If you are working on a large floor, consider cutting the flooring into long, narrow strips to make it more manageable. A fifteen-inch strip of flooring, for instance, will be much easier to pull off than, say, a four-foot sheet. Narrow strips will also be much easier to dispose of than larger sheets.
There is no need to keep your linoleum or vinyl in larger sheets unless you intend to use it again or give it to someone. Sure, rolling up or pulling back larger sheets can be tempting, but when the sheets become heavy, they will be too difficult to manage.
Step 3: Remove the Glued Part of the Flooring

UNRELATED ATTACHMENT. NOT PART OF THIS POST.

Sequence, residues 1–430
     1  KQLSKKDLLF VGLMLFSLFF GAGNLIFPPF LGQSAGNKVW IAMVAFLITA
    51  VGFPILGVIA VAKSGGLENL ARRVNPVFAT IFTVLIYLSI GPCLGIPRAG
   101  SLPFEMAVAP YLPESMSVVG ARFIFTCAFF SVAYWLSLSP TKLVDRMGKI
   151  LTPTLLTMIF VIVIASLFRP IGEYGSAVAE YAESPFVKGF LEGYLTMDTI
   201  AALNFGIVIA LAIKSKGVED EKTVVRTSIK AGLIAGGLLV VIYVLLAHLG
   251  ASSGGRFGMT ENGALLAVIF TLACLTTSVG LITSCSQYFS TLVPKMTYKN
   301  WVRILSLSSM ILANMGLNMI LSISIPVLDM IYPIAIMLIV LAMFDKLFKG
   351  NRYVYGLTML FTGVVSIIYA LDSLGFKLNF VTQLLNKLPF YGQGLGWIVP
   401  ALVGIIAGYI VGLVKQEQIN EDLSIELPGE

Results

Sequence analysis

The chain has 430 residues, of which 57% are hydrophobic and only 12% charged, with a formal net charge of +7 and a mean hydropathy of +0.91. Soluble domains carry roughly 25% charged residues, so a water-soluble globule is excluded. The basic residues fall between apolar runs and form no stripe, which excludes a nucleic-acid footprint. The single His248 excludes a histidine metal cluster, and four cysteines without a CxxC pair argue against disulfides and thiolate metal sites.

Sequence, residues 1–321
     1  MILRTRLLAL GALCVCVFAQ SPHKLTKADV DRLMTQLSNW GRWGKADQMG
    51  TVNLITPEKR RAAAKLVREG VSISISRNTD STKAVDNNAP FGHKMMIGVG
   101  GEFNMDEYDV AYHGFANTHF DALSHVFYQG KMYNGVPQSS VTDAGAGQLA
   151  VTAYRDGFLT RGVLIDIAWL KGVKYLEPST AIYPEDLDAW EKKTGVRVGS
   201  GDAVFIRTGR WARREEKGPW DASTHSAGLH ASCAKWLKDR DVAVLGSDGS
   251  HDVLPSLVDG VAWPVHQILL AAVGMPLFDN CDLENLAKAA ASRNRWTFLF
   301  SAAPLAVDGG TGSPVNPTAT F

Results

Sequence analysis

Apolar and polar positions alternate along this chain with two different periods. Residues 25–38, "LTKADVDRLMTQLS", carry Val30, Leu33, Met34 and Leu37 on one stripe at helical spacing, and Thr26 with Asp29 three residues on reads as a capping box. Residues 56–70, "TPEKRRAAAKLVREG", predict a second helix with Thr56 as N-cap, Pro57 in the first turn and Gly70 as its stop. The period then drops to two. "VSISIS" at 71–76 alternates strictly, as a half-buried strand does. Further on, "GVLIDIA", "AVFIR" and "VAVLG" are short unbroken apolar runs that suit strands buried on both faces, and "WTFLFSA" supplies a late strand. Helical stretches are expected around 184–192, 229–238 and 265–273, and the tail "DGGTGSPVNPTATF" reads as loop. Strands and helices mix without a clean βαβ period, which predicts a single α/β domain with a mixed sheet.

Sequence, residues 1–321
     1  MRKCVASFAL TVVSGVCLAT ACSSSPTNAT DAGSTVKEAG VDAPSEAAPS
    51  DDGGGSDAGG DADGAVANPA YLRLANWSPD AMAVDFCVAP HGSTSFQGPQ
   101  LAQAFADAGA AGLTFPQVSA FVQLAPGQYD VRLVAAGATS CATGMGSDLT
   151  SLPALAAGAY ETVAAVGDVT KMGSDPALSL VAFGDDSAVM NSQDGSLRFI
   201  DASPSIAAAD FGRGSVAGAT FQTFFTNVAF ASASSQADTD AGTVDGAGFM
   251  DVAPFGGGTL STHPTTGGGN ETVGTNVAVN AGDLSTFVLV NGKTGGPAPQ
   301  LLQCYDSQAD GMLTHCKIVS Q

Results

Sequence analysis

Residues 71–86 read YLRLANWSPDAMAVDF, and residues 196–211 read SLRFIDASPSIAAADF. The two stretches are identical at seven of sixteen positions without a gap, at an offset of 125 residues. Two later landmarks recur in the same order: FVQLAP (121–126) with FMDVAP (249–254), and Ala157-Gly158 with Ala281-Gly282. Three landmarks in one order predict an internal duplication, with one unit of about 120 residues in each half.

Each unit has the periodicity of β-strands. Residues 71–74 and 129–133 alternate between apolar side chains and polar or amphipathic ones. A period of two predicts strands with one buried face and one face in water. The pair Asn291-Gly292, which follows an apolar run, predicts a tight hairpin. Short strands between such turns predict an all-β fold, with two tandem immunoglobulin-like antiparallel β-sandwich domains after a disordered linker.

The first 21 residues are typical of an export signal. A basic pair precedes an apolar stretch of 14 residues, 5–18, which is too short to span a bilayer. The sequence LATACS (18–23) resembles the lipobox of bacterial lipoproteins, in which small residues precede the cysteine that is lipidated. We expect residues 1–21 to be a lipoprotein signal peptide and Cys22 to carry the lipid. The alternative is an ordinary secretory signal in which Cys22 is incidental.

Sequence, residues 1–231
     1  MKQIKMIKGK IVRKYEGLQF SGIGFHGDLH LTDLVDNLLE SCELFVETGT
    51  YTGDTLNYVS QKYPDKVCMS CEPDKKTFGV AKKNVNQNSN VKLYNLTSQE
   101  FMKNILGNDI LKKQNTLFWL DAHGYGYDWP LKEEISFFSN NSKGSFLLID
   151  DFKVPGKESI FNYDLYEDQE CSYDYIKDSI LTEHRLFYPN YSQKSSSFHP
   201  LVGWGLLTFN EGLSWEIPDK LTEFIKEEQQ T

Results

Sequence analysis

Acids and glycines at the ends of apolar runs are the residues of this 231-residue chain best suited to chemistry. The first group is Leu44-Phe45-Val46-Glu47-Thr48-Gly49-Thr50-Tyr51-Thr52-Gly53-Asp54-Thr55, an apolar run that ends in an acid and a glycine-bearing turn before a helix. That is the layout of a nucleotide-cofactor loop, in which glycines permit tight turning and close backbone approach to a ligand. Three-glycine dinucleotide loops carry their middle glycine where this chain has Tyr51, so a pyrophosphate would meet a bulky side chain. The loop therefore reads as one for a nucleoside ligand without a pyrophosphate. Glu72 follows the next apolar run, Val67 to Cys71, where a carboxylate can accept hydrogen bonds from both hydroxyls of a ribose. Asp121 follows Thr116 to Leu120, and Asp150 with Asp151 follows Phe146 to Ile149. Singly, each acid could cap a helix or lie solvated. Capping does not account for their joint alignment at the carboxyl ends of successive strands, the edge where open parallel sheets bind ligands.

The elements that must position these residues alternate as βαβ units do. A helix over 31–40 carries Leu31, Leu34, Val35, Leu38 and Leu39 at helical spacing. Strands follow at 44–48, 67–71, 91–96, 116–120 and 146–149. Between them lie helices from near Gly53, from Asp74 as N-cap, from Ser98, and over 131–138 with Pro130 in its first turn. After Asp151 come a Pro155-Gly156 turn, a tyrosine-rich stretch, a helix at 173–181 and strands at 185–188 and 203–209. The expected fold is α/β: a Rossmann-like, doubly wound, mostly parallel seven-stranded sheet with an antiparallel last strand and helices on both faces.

For any glued-down linoleum or vinyl to come out of the floor, you will need to scrape it off. Start by prying the flooring and scraping under it to detach it from the wood subfloor. Hold your scraper at a 45° angle to avoid chipping the wood.
For the most part, only the flooring will come out at this time. Depending on how you are holding your scraper, some of the glue may come out too, but mostly, the scraper will only loosen the flooring. Work in small sections, pushing the scraping tool in short thrusts until you have removed all the flooring. Use your free hand to peel back the flooring,
If you are removing an old floor, you will find that the scraper chips away at the adhesive relatively easily.
Step 4: Heat the Leftover Adhesive
Heating will help soften the hard adhesive and make it much easier to remove. To start, turn your heat gun on low and wait until it sufficiently heats up.
Then, hold it over the adhesive, about three and a half inches away from the floor. Do not let the heat gun touch the adhesive.